So what are you going to do with it? God will not force you to obey Him. He will not force you to do His will. But again, if you refuse, you are the one missing out—and so is everyone who needs what you have. And when too many people neglect what they are supposed to do—people and organizations start dying.
This happened to one small community church. It was the only church in town, but the people who attended never got involved, so the pastor had to do it all. One after another, pastor after pastor got burned out and left. Year after year, the church became smaller and smaller.
The church gained quite a reputation. After a while no pastor wanted to take the church. Finally, a young pastor agreed to come. On his first Sunday, he announced to the eight people who attended that on the following Sunday they were going to have a funeral service for the church. The church had died, and they were going to bury it.
He let the local newspaper know so they could run an obituary. The newspaper thought it was newsworthy enough to put it on the front page.
The following Sunday, enough interest had been sparked, that almost the whole community showed up for the funeral service. They wanted to see what a funeral service for a church looked like. As the people entered the building, there was soft funeral music playing. In the front of the sanctuary was a casket surrounded by flowers and soft lighting. The pastor sat up front dressed all in black.
When the room was packed to overflowing, he stood up to welcome the people, and then spoke a short eulogy over the casket about the dead church. He then told the audience that as it was an open-casket funeral, they would each be allowed, one by one, to come and look into the casket to pay their last respects.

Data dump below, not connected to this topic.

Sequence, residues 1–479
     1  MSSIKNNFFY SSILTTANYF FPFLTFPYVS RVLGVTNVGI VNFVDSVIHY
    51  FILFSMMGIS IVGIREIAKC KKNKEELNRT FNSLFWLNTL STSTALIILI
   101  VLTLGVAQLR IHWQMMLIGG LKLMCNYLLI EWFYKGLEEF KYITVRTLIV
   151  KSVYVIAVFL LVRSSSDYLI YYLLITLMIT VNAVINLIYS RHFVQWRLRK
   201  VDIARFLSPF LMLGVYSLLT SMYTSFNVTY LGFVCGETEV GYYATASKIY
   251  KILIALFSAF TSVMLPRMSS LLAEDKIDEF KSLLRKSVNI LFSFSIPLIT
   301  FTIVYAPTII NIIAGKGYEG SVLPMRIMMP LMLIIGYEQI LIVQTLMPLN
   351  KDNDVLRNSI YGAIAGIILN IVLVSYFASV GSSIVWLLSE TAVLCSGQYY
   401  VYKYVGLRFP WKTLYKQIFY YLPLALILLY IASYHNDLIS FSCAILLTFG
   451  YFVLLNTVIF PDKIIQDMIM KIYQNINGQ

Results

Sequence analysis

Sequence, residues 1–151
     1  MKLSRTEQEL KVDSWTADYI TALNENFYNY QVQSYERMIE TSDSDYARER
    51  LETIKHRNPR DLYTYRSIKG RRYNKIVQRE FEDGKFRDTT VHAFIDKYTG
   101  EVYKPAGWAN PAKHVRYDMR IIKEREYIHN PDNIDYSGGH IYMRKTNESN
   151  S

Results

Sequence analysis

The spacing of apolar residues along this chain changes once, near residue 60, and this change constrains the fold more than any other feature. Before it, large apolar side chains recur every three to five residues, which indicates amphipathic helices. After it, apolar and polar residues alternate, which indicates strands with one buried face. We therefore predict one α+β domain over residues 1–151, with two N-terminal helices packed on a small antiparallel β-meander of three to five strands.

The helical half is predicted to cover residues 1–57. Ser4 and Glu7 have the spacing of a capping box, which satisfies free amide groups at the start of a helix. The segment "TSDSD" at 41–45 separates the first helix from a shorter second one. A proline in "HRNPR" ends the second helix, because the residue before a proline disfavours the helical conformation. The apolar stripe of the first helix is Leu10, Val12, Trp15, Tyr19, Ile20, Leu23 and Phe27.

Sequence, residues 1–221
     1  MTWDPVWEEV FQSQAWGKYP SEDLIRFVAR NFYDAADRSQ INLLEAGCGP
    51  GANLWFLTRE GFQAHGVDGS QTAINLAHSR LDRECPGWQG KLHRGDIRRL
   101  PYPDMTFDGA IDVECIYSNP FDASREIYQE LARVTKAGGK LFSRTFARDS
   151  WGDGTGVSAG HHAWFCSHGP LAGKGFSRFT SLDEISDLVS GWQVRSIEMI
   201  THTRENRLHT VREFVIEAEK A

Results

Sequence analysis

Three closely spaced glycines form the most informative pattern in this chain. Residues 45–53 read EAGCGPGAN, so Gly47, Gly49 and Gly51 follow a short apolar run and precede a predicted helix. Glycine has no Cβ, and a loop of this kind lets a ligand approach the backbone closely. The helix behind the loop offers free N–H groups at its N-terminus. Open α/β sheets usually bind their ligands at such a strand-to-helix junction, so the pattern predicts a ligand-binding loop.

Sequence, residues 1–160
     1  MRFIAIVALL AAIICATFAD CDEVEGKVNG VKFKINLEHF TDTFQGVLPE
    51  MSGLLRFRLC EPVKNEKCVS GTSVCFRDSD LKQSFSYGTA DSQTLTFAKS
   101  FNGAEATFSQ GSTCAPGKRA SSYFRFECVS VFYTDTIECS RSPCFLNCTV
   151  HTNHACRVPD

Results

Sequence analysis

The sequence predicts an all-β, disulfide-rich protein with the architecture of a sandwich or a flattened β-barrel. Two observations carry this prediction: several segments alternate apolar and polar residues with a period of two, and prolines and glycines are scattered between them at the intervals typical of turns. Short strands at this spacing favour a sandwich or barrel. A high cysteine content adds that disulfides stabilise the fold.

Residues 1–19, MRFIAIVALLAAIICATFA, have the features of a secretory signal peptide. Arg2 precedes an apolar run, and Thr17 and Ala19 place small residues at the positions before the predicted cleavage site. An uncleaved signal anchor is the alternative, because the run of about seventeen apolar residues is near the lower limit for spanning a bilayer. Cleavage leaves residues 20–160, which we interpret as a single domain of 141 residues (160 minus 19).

So, one by one, each person came forward—out of morbid curiosity—to look into the open casket. And each one, after glancing in, turned quickly away and walked sheepishly back to their seat.
What was in the casket for the dead church? Nothing but a mirror. As each person looked into the casket, they saw their own face staring back at them. Had the church died? Yes, it had. Why? Because the people no longer did the work of the ministry that God had called them to do.
God has given you something to do which only you can do, and if you do not do it, it will not get done, and the church will be worse off as a result. Jesus Christ has a plan to build His church, and you are in it. Will you follow the directions, or will you fall through the cracks? Because you are a saint, you are a minister. You are part of the Crew. And as a minister in this Crew, you need a ministry, a place of service.
Ask not what the church can do for you, but what you can do for the church.
 Francis Schaeffer, How Should We Then Live? (Wheaton: Crossway, 1976), 227. He is summarizing Edward Gibbon’s Decline and Fall of the Roman Empire. There are five stages of decline. The fifth and final is an increasing desire to live off the state. In other words, “What can the government do for me?”
 I take the breaking of bread from house to house to be part of the fellowship. It simply refers to going over to each’s houses to eat a meal and hang out.
 Rick Warren, The Purpose Driven Church (Grand Rapids: Zondervan, 2002), 236-248.
 Cf. John Eldredge, The Journey of Desire (Nashville: Thomas Nelson, 2000).
 Ibid, 53-54.
 Warren, 242.